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Age-Related Hearing Loss
Another mechanism that may explain the reduced dynamic range is a disruption in the auditory system’s maintenance of a stable firing rate over a period of time. The maintenance of a steady internal environment is known as homeostasis. A change in the balance of excitatory and inhibitory neurotrans- mission is one homeostatic mechanism that is associated with aging and hearing loss (Caspary et al., 2013). Communication between two neurons occurs through neurotransmission; neurons are more likely to fire when they receive excitatory input and less likely to fire when they receive inhibitory input. One possible result of the loss of inhibitory input with aging or hearing loss is an increase in spontaneous neural firing and exaggerated responses to auditory stimuli.
Electrophysiological (electroencephalographic [EEG]) studies have documented exaggerated responses to sounds presented at conversational listening levels of about 65-70 dB SPL. The FFR shows exaggerated subcortical responses to the speech envelope (slowly varying amplitude variations in speech) in older adults with sensorineural hearing loss (Anderson et al., 2013b). This exaggeration of responses to auditory stimuli may be especially pronounced in the cortex. Magnetoenceph- alographic (MEG) responses (observed on recordings of mag- netic fields produced by electric currents in the brain) show overrepresentation of the speech envelope in older adults compared with younger adults (Presacco et al., 2016). Exag- gerated responses to the speech envelope may help to explain why older adults find hearing aid-amplified sound so over- whelming when they first start wearing hearing aids.
“Why Is Speech So Unclear?”
Older adults often report they can hear the talker, but they cannot understand what is being said. Speech understand- ing may be reduced by deficits in the auditory system’s abil- ity to represent the timing and frequency cues of speech. The typical presbyacusic hearing loss compromises audibility in the high frequencies to a greater extent than in the low fre- quencies (see Figure 1). Therefore, merely amplifying the overall level of sound results in excessive amplification in the low frequencies where hearing is relatively normal and in perception of lower frequency background noise. Modern hearing aids are able to selectively amplify specific frequen- cies, within the limitations of the hearing aid microphone and circuitry. However, frequency selectivity (ability to de- tect differences in frequency) is often decreased in individu- als with sensorineural hearing loss compared with individu- als with normal hearing regardless of stimulus presentation level (Florentine et al., 1980). Therefore, the hearing aid user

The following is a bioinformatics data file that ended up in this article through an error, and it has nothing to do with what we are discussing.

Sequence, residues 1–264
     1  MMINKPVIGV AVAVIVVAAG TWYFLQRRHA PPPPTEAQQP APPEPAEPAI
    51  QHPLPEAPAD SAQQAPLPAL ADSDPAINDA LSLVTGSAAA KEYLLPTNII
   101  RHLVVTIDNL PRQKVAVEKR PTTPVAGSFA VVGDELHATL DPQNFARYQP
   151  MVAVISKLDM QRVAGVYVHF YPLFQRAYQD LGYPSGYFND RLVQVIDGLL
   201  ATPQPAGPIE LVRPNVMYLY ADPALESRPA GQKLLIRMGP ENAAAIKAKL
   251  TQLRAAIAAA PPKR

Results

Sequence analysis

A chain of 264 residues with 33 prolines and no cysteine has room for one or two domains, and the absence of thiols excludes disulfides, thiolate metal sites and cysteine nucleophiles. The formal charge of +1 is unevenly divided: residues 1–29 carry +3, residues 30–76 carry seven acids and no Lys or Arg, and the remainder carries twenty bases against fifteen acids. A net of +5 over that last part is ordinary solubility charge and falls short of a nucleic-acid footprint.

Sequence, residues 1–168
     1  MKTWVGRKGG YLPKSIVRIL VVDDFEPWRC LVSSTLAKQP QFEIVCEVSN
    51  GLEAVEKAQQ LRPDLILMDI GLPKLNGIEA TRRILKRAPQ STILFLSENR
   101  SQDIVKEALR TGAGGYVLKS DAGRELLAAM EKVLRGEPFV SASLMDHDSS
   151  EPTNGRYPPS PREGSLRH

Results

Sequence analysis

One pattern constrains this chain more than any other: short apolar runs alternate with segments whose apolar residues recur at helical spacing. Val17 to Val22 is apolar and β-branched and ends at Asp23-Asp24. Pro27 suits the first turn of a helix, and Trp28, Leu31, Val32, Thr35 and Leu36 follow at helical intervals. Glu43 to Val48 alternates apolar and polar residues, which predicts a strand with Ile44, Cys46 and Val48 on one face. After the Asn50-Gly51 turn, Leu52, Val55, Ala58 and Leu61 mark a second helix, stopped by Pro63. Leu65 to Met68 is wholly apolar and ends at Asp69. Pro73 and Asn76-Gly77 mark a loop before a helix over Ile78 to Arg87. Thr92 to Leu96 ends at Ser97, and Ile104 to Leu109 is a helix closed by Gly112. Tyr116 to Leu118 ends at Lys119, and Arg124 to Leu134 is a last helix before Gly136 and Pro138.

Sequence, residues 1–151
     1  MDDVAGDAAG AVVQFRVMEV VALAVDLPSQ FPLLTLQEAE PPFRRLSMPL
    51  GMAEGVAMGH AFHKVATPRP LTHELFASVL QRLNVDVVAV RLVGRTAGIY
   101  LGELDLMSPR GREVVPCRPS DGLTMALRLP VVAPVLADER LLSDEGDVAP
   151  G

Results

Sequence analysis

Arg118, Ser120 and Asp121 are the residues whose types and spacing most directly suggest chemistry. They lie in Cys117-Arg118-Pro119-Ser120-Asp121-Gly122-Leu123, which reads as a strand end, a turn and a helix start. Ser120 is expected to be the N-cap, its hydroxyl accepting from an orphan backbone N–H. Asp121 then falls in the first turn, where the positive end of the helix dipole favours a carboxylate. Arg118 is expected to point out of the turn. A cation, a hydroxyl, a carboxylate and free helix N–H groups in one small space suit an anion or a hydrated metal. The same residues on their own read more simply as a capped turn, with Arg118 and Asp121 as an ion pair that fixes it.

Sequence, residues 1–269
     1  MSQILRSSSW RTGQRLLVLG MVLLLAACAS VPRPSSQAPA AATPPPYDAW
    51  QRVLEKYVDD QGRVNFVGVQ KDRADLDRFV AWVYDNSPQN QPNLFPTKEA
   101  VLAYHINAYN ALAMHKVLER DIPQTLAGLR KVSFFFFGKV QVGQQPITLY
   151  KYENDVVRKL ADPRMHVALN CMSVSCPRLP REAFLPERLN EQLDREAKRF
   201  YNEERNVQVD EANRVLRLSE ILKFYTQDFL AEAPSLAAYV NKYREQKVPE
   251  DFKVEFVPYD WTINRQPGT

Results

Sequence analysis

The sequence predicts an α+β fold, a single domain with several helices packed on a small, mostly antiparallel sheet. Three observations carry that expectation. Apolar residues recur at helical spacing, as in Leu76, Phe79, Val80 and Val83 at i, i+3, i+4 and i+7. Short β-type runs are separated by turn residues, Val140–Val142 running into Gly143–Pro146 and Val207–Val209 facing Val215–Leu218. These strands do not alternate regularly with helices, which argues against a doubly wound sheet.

may not achieve maximum benefit from selective amplifica- tion of specific frequency channels.
The auditory system is organized tonotopically from the co- chlea to the cortex; that is, low-to-high frequencies are rep- resented in spatial order. For example, the cochlea is maxi- mally responsive to high frequencies at the basal end (near the middle ear) and maximally responsive to low frequen- cies at the apical end (top of the cochlear spiral). This spatial organization is preserved throughout the auditory system. Hearing loss, however, may alter the tonotopic organization of central auditory structures.
For example, the C57 mouse model is used to study hear- ing loss effects because these mice commonly experience sensorineural hearing loss relatively early in the adult life span. C57 mice show disrupted tonotopic organization in the inferior colliculus, the auditory region of the midbrain, such that neurons that normally fire best to high-frequency sounds begin to respond more to low frequencies (Willott, 1991). Tonotopic changes may also occur in the auditory cortex of the brain. For example, when excessive noise dam- ages hair cells in specific frequency regions in the cochlea (e.g., 3-6 kHz), stimulation with signals at these frequencies does not produce a response in cortical neurons in corre- sponding frequency regions but instead produces a response in neurons from adjacent cortical regions (Engineer et al., 2011).
Because of changes in frequency selectivity and tonotopicity, selective amplification of specific frequencies will not com- pletely compensate for a decreased ability to discriminate between speech sounds based on subtle frequency differenc- es. For example, the consonant /g/ has higher frequency en- ergy than the consonant /d/. Although the two consonants differ in their place of articulation in the vocal tract, the place differences are not visible to the listener from viewing the talker’s lips, and, therefore, the listener with hearing loss may have difficulty discriminating between words like “gust” and “dust” on the basis of frequency differences alone.
“Why Do I Still Have Trouble Under- standing Speech with My Hearing Aids?” Let us assume that your grandmother has been fit with hear- ing aids after being diagnosed with a mild-to-moderate hear- ing loss. You have been looking forward to the next family gathering, and you are hoping she participates more in the conversation. Your grandmother certainly seems more en- gaged, and yet she is still asking others to repeat what was
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